Brown’s efforts in the fight for musicians’ rights and royalties led to the 1988 founding of the Rhythm and Blues Foundation, a non-profit organization dedicated to the preservation of R&B music.   Notably Brown and LaVern Baker were among the first recipients of the foundation’s Pioneer Award (for lifelong contributions instrumental to the development of R&B) in 1989, three years before Aretha received a lifetime achievement award in the category.  Brown died in November 2006 from complications following a surgery at the age of 78.

Etta James (1993).

Etta James

Jamesetta Hawkins, whose first name was transposed to the moniker we all knew her by, was among those first recipients of the Rhythm and Blues Foundation’s Pioneer Award in 1989.  It was just the first of many accolades the blues/soul/rock legend would receive over the years, including her inductions into the Rock and Roll, Grammy, and Blues Halls of Fame in 1993, 1999 and 2001, respectively. 

Before that recognition, James was considered one of the most under-appreciated singers of her era, the most successful part of which occurred with the famous Chess Records label during the first half of the 1960s.  It was then that her signature hit, “At Last,” was recorded, along with several successful followups like “Something’s Got A Hold On Me” and “Pushover.”  James, who’d come up with a young Elvis Presley in the 1950s (they shared a bill together in a large club outside Memphis when he was 19) and later performed with the likes of Chuck Berry, The Rolling Stones and Grateful Dead, got her rock and roll pedigree honestly.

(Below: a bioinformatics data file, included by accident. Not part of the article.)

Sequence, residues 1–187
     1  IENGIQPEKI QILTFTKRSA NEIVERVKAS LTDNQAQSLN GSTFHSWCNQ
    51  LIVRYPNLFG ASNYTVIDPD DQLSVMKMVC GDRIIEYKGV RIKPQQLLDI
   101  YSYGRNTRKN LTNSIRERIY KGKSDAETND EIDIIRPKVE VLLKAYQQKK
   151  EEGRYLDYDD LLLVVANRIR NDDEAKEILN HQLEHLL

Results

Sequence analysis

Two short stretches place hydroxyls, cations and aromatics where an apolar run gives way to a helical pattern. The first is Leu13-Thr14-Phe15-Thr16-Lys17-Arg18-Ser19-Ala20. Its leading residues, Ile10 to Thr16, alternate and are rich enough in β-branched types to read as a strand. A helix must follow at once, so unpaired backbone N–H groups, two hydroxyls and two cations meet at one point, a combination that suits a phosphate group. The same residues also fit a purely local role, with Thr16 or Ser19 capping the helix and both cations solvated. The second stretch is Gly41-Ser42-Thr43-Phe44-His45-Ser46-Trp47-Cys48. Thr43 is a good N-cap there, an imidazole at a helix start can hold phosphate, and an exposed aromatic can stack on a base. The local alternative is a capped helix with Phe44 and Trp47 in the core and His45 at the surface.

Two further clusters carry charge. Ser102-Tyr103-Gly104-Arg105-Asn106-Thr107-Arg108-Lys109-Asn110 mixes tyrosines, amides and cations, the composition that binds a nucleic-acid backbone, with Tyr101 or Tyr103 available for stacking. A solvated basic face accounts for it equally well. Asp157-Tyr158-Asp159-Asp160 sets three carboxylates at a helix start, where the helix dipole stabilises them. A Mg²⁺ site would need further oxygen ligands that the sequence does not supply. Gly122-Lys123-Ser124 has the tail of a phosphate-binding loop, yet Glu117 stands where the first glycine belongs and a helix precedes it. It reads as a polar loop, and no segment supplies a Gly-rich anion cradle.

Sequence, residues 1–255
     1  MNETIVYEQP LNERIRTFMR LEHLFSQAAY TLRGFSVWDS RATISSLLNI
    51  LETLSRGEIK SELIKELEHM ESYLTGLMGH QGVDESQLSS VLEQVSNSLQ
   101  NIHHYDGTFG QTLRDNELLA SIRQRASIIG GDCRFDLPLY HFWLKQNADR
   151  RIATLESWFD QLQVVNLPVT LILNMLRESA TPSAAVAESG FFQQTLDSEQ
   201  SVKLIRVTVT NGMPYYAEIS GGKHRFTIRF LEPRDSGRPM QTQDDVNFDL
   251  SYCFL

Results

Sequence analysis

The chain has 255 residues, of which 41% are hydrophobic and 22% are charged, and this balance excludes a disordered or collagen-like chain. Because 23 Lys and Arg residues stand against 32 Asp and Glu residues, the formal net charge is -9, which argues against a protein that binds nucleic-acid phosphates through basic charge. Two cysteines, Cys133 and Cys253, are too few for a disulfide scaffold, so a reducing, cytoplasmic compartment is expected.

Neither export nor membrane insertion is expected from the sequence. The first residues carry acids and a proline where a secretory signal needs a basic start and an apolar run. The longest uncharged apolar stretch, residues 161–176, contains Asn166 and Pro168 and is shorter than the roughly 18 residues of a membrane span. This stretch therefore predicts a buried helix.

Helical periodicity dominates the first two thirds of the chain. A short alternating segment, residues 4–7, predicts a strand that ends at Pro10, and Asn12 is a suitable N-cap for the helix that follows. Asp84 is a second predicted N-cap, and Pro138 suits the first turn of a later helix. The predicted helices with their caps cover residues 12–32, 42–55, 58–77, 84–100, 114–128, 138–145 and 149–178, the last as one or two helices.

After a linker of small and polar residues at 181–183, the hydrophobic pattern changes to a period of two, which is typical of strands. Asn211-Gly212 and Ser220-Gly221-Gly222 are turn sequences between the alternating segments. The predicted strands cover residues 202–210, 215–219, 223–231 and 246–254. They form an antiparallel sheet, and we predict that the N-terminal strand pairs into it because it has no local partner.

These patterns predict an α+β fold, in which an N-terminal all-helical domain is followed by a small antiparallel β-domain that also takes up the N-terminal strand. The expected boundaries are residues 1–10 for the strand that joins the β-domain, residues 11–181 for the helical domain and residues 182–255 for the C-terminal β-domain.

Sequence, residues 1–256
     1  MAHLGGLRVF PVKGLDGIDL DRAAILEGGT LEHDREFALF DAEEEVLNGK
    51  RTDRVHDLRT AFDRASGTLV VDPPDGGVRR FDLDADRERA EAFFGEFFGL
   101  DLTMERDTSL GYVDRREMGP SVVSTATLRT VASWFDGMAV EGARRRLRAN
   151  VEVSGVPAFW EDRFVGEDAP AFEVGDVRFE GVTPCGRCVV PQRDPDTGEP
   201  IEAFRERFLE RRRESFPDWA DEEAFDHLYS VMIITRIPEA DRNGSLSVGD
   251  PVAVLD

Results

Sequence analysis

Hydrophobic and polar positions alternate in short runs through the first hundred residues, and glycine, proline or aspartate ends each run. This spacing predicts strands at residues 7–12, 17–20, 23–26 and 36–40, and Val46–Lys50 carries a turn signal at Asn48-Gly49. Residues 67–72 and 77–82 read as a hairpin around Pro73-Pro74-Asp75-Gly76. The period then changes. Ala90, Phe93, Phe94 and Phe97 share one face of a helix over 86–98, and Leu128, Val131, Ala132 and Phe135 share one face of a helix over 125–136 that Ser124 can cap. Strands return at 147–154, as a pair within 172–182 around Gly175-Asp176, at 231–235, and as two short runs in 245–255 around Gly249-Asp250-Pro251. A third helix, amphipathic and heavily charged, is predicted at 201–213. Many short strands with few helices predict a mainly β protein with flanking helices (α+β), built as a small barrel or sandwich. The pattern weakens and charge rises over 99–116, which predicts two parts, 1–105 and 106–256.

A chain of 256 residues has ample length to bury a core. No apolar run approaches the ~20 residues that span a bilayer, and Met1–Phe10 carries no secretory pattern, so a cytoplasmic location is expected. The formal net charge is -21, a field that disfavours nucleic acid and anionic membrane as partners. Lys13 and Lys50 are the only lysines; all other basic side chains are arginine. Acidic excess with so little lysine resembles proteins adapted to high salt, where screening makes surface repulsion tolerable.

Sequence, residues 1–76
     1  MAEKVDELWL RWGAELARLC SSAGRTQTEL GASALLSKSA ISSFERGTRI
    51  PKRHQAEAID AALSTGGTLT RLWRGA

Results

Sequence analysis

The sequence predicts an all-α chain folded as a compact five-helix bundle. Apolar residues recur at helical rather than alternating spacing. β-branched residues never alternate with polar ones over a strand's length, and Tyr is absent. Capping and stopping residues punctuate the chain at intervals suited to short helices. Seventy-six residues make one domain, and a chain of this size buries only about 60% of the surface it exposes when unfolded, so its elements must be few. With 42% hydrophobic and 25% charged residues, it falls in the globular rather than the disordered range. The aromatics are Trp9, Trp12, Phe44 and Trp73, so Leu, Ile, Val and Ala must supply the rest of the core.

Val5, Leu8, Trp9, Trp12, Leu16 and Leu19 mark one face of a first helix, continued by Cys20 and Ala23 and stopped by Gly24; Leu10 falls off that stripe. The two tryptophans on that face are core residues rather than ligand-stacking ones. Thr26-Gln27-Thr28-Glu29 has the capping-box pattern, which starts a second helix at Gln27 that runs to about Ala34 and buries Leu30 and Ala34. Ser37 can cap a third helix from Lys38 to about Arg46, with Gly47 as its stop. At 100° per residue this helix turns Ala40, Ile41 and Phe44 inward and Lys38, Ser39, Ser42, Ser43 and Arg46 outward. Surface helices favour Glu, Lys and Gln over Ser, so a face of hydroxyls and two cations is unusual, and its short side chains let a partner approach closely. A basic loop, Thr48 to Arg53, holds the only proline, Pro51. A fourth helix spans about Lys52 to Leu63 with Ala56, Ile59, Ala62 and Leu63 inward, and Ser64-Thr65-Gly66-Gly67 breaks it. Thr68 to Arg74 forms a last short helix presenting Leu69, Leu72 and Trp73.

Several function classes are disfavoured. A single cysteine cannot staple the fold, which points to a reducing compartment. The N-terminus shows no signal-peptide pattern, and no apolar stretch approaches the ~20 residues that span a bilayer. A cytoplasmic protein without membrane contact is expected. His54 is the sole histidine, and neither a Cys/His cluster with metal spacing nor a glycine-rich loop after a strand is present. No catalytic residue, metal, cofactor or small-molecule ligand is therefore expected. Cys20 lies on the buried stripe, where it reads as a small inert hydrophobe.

But James had a rough existence in the world of rock and roll.  A well-documented heroin addict, the contralto-voiced singer died in 2012 after battling leukemia and dementia.

Cynthia Robinson (Sly & the Family Stone; 1993).

Cynthia Robinson

Like Mary Wilson and Florence Ballard before them, the two female members of Sly & the Family Stone got into the RRHOF by virtue of their memberships in an iconic group.  In this case, however, Cynthia Robinson had a much more prominent role in the success of the Family Stone than either of the two backup Supremes did for their group.  Robinson played trombone for her band and provided prominent vocals on their hits “Dance To The Music” and “I Want To Take You Higher,” prompting her to be regarded as the original “hype man” by some.  

The story goes that Robinson’s classmates picked on her for playing a “boy’s instrument” when she joined her high school band in the early 1960s.  But by 1971, she and her professional bandmates had racked up three No. 1 Hot 100 hits and, in 1993, she became the first female trumpeter to be inducted into the RRHOF.  Robinson died in California in 2015 at the age of 71.

Rosie Stone (Sly & the Family Stone; 1993).

Rosie Stone

Rosemary Stewart adopted the name Rosie Stone – a/k/a “Sister Rose” – for the band founded by her brothers Sly Stone and Freddie Stone.  Often donning a platinum-blond wig, she played keyboards for the group and sang prominently on several of their hits.  Most famous among them was their final No. 1, “Family Affair” in late 1971, where she provided the titular hook, memorably alternating with her brother’s raspy baritone on the verses.

Like her bandmate Cynthia Robinson, Sister Rose became the first female to be inducted to the RRHOF for playing the instrument of her choice – in this case, keyboards.  She has since appeared on recordings by acts as diverse as Michael Jackson, Phish, Ringo Starr and Robbie Williams, along with gospel great Sandra Crouch.  She’s devoted most of her time in recent years to her brother Freddie’s church and recorded a gospel album, Already Motivated, in 2008.

And now, the Early Influences: 

Bessie Smith (1989).

Bessie Smith